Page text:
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Bullecourt

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Bullecourt

Bullecourt
Coat of arms of Bullecourt
Coat of arms
Bullecourt is located in France
Bullecourt
Bullecourt
Coordinates:
Country France
Region Nord-Pas-de-Calais
Department Pas-de-Calais
Arrondissement Arras
Canton Croisilles
Intercommunality Arras
Government
 • Mayor (2001–2008) Jules Laude
Area1 6.43 km2 (2.48 sq mi)
Population (2009)2 243
 • Density 38/km2 (98/sq mi)
INSEE/Postal code 62185 / 62128
Elevation 74–104 m (243–341 ft)
(avg. 92 m or 302 ft)

1 French Land Register data, which excludes lakes, ponds, glaciers > 1 km² (0.386 sq mi or 247 acres) and river estuaries.

2 Population without double counting: residents of multiple communes (e.g., students and military personnel) only counted once.

Bullecourt is a commune in the Pas-de-Calais department in the Nord-Pas-de-Calais region in France.

Contents

  • Geography 1
  • Population 2
  • Transportation 3
  • History 4

Geography

Bullecourt lies on the Upper Cretaceous plain of Artois between Arras and Bapaume and east of the A1 motorway. This satellite photograph shows Bullecourt just north of centre. Quéant is the larger of the two villages near the eastern edge. The A1 and the high-speed (TGV) railway line run up the western edge. To the south of Bullecourt, a now closed local railway line snakes from east to west.

Population

Transportation

Bullecourt lies in the triangle made by the A1, A2 and A26 motorways and that made by the N17, N30 and D939 roads.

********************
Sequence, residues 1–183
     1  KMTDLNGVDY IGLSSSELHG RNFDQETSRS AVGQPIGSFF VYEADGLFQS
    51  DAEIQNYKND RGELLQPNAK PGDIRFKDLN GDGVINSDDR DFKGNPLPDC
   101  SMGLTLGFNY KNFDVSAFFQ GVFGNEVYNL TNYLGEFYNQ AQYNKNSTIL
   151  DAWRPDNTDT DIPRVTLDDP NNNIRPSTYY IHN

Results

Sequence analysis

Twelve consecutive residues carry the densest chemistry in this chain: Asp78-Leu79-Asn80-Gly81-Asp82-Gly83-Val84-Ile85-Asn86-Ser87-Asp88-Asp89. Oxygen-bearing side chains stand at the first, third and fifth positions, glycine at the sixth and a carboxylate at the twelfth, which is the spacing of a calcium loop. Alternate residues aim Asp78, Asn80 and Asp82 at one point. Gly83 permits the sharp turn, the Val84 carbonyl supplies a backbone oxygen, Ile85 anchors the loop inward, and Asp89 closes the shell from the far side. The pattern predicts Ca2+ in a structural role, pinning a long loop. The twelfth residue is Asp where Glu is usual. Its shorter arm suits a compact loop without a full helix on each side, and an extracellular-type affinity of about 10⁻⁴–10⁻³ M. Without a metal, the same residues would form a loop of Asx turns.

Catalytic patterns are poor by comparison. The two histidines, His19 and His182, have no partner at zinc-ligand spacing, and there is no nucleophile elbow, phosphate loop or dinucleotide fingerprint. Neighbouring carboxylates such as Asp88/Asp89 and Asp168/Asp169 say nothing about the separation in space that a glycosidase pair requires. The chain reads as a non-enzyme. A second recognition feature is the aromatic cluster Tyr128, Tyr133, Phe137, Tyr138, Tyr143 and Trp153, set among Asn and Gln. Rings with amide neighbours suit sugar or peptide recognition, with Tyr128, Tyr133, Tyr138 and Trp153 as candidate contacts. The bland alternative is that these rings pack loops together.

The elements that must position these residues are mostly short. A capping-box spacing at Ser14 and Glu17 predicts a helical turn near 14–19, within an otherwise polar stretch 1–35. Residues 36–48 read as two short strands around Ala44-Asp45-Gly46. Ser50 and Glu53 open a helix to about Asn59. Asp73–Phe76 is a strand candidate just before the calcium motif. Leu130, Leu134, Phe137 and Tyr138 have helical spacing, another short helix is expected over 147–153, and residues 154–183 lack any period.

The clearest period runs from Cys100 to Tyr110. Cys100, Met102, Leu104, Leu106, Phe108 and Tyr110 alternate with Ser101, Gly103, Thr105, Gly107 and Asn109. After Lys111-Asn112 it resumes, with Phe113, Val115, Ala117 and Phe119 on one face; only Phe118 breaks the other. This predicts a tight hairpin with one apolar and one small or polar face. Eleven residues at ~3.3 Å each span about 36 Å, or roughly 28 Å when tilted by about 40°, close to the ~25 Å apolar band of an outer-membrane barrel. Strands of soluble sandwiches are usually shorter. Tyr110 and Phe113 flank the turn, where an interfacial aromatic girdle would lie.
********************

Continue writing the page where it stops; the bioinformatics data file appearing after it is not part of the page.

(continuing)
History

There were remains from the Gallo-Roman period and the village was mentioned under the name "Bullecortis", in 1096.

In 620, it was the birthplace of Saint Vindicien, a follower of Saint Eligius, known in French as Saint Eloi. Vindicien became successively, bishop of Arras and bishop of Cambrai. He is regarded as the founder of the abbey named after his mentor, Mont St Eloi, of which Bullecourt became a lordship.

The village has twice been completely destroyed: in 1543 and in 1917. As a result of events in the latter year, Bullecourt is part of Australian, ANZAC history. This arose as part of the Battle of Arras in the spring of 1917, when Bullecourt lay at the southern end of the battle front. See Australian 4th Division (World War I). The 62nd Division was part of the same battle in the sector adjoining that of the ANZACs and facing the part of the Hindenburg Line which lay in the village itself. They returned to the sector formerly occupied by the Australians, later in May. The Musée Jean et Denise Letaille now commemorates this fighting.

Hindenburg Line at Bullecourt, 1920
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